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One person's IP-ART 2003
Review by Borin Van Loon, July 2003

Rather than my default setting with regard to art shows in the town ("Oh, have I missed it?" balanced with "I didn't know it was on..."), I decided - on the personal front - to make the most of Ipswich's first ever art festival.

The Corn Exchange (30.6.03) played host to the Osagyefo Theatre: a ten-piece Ghanaian troupe of dancers, singers and percussionists (most of them doing all three). Thunderous djembe drumming, colourful athletic, humorous dancing and everyone involved ecstatic mayhem ensued. The Lady Mayor danced, too. If the Crosscurrents initiative brings more World Music performers and artists of this calibre to the area, they'll be doing us a great service.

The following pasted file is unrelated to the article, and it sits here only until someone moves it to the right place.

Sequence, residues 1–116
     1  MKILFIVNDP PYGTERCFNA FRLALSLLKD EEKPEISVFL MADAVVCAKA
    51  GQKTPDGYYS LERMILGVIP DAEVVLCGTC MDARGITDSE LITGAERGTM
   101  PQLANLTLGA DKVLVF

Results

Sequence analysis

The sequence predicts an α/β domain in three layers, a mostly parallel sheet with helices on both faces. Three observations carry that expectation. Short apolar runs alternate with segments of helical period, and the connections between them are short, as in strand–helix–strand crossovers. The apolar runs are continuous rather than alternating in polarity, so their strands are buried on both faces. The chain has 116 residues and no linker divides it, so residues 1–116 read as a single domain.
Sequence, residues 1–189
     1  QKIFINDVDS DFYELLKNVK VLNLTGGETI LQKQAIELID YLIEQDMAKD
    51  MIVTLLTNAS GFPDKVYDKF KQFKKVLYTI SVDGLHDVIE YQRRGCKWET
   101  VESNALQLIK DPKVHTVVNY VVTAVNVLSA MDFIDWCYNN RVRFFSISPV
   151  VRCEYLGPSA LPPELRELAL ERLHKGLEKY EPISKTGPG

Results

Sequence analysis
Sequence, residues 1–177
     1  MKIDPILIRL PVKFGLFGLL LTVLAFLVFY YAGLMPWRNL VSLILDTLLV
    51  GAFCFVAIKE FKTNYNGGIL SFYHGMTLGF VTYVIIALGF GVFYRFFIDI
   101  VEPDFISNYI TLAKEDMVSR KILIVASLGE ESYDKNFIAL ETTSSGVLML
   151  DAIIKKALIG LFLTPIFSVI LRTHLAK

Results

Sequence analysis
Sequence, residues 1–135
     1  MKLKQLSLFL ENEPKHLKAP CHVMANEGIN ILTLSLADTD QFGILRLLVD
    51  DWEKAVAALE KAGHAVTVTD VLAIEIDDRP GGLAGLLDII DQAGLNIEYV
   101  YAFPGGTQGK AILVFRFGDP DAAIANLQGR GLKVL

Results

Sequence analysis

The John Russell Gallery in Wherry Lane showed paintings by Nicola Slattery. Two words: 'Marc' and 'Chagal'. Probably a bit unfair; the colourful work has a certain naive charm. Jonathan Clarke's unique cast aluminium sculptures in the side gallery are a weightier prospect. Elegant, thought-provoking pieces with great presence.


Malcolm Moseley, in the 'Our Town' exhibition